Anyone able to explain to me how the Satellaview worked?
Were games only available to play during the specific broadcast times?
Or were they downloaded to a cartridge/storage space, so they could be played at any other time? Similar to digital games today?
>Were games only available to play during the specific broadcast times?
Pretty much that. I think the data was still stored on the cart though which is how we could extract it. Also there were voices guiding you during the time limit to make it more immersive/cinematic. I'm sure it was actually a pretty unique experience. They ended up "re-airing" the game a couple of times to give people another chance to play it.
I haven't found any information that didn't make the Satellaview sound like a complex mess. My best guess is that it downloaded the game to some kind of cartridge or storage device, and then allowed the game to be played during certain times.
But I can't confirm that, so that's why I started the thread.
>Were games only available to play during the specific broadcast times? Or were they downloaded to a cartridge/storage space, so they could be played at any other time? Similar to digital games today?
Both, it depends on the game. On principle, game data is downloaded and stored in the BS-X cartridge. Some games have all data stored in the cartridge and people could play them whenever they wanted, like Radical Dreamers, which had no time limits and is fairly generic on how it can be played.
The more popular games, like BS Zelda, only download graphics and maps to the cart, but things like music and narration were streamed. That's why the ROMs for BS Zelda and Ancient Stone Tablets are reconstructions based on recording of actual BS-X gameplay, the game data stored in the cartridge was not by any means complete, to the point that even how maps were assembled was dependant on the satellite stream information.
The point of games like the BS Zeldas was to play it as a live event, with narration and orchestrated music otherwise impossible to be contained in a regular cartridge driving the experience. But other Satellaviews games were indeed just digital games. That's why Radical Dreamers never had to undergo any reconstruction to be played, it is a complete ROM image on its own because it did not depend on broadcast times or additional satellite data.
Damn, that does sound like a hot mess. Also sounds cool as fuck, shame we couldn't experience it without being in japan and not being busy at the time, and also spending decent money on the setup.
Thanks for the info, man.
I've been trying to work this out, since I was wondering if it was possible get a hold of some actual authentic cartridges with Satellaview data and have them still be playable.
From what you've described, it sounds like what I want to do is only possible with certain games.
So, what are the best BS games? Are the Zeldas any good?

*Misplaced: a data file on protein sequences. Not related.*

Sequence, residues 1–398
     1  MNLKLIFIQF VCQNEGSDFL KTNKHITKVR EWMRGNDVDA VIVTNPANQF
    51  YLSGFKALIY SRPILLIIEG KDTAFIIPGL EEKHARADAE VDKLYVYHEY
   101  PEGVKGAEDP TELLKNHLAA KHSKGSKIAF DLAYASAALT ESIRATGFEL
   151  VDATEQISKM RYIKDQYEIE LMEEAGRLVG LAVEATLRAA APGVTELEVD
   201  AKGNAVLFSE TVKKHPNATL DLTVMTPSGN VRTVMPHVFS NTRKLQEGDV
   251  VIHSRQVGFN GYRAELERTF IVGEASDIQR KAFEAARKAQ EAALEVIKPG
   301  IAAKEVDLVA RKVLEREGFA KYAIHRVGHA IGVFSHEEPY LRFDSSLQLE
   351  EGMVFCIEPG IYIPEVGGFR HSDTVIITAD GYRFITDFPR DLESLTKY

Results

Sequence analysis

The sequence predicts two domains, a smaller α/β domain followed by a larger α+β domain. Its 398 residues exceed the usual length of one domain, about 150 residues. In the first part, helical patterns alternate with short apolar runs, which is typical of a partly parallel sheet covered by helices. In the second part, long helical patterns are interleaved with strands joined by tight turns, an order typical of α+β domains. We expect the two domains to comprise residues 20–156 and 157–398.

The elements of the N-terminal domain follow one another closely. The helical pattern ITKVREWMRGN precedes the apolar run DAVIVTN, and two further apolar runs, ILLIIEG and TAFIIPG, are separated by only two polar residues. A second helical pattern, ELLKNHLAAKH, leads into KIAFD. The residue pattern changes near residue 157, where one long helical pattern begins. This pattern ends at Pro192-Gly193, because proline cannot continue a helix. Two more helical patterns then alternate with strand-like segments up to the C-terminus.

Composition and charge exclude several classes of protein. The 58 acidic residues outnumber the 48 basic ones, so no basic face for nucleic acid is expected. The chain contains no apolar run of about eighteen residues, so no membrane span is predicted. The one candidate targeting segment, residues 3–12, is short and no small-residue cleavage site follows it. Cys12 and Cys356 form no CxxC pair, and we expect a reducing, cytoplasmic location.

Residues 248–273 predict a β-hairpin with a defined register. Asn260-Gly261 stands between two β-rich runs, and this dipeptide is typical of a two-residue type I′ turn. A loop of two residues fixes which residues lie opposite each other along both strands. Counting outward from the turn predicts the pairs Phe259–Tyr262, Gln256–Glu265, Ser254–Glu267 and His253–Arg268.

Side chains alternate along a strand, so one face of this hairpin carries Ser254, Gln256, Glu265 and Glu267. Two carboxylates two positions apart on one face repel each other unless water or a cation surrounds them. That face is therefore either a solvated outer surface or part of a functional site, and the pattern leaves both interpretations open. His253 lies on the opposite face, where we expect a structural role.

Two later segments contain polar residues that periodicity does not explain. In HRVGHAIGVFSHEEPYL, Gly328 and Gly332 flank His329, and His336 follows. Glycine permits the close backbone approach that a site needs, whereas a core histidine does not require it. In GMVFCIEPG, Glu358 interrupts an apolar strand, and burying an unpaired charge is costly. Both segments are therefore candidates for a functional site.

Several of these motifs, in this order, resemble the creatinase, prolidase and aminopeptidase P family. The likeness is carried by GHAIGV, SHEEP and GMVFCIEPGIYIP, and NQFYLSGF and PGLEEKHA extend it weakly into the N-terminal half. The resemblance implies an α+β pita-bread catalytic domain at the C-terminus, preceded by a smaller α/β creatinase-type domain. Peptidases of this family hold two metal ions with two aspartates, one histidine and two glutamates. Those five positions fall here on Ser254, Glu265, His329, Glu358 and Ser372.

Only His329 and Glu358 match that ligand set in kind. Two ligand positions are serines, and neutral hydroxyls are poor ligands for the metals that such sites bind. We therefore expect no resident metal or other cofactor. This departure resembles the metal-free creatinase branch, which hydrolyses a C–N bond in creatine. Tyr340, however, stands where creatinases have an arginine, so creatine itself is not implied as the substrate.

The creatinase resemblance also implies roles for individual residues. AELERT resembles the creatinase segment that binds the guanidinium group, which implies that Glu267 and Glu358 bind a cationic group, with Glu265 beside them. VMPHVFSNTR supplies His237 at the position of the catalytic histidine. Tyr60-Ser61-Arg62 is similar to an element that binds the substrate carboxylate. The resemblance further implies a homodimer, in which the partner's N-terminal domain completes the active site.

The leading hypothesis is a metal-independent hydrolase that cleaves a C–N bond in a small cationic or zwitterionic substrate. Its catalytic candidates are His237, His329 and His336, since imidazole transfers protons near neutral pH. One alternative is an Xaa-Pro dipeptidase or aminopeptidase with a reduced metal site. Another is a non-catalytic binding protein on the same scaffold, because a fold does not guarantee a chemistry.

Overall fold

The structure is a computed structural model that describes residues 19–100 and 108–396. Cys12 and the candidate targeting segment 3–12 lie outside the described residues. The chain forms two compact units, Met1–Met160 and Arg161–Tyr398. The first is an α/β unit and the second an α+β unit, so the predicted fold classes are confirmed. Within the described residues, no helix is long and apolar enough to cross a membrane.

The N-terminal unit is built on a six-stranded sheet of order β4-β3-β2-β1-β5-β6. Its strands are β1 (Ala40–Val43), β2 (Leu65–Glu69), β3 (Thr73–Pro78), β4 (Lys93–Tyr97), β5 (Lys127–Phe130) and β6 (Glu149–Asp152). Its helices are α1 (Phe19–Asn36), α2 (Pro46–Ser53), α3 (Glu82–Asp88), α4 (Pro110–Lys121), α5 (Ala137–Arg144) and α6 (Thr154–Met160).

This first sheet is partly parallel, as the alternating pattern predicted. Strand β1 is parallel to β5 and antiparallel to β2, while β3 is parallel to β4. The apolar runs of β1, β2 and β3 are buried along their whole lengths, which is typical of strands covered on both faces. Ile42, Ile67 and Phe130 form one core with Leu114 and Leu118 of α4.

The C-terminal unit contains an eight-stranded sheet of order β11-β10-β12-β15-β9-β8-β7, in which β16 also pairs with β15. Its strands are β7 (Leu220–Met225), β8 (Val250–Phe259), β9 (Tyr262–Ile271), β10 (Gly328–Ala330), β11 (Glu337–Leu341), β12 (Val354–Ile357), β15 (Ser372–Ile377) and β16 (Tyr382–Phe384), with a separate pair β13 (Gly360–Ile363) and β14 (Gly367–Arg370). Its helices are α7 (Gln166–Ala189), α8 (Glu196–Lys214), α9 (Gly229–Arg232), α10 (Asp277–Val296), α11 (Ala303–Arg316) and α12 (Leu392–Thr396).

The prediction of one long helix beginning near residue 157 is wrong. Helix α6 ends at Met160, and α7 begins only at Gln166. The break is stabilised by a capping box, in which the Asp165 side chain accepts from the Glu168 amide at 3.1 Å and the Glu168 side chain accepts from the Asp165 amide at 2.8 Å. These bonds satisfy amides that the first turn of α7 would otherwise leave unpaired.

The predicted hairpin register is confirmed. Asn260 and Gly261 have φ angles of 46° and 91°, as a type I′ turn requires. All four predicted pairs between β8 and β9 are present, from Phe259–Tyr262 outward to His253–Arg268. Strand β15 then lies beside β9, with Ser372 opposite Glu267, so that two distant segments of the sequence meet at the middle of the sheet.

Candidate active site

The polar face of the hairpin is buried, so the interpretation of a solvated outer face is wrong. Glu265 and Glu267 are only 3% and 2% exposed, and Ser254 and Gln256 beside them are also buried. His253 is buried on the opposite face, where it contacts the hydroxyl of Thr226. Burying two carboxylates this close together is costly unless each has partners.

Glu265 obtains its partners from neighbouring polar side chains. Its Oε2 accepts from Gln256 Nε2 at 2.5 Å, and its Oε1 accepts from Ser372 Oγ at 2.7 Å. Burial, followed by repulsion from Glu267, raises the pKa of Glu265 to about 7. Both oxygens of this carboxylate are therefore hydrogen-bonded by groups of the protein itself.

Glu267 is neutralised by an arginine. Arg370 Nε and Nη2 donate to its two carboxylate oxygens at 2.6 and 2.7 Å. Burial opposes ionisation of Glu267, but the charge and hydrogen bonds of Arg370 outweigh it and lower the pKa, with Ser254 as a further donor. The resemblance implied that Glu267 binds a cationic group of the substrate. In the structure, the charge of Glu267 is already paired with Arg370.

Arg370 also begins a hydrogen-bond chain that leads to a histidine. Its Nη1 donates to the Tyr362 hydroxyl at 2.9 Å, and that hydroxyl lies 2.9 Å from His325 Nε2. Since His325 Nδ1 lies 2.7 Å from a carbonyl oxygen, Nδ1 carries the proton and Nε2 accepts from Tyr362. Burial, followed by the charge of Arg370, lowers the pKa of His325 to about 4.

It's pretty amazing how some groups were able to reconstruct the two BS-Zelda titles, though.
Hell, Ancient Stone Tablets even has little subtitle bars now to mimic the original narration. It's basically 100% complete now.
Except it isn't.
I googled BS Zelda and clicked the second link saw this:
>Media: Pseudo-streaming download via satellite network, saved to either the Satellaview base unit's flash-RAM or to a BS-X flash-cart
I heard not too long ago that someone had recorded the AST clips. This is the only thing I could find.
Seems kinda weird having the game play out before you get to the place it's at.
I'm shocked though. The music that begins at 3:29 I had thought was a really good fan composition for that fan-game Seeds of Evil. It's canon after all.
I had an English teacher like you. He said you should never say "I think" because if you're making the statement it's obvious that you're the one thinking it. But what both he and you seem to miss is that it's a casual way to indicate uncertainty. Anon said he thought the data was stored on the device, meaning he didn't know for sure. If he'd left out "I think" then it would've been a concrete statement some asshole would've pounced on with "acktchually..." like they always do. But look it happened anyway.
Just watch this video, gives a history of the platform and goes in-depth on the Zelda games on it. https://www.youtube.com/watch?v=BDVxSm-_iM4
Also check on the Satellablog. It's a blog run by some dude trying to archive as much Satellaview material as he can. Has some neat ROM dumps on the site. http://superfamicom.org/blog/
What this guy said.
Watching old recordings of Ancient Tablets and shit is super cool because you'd hear these voices and orchestrated music and shit, so it was like playing vidya and hearing a radio drama. I'm kinda bummed that I'll never be able to experience something like that.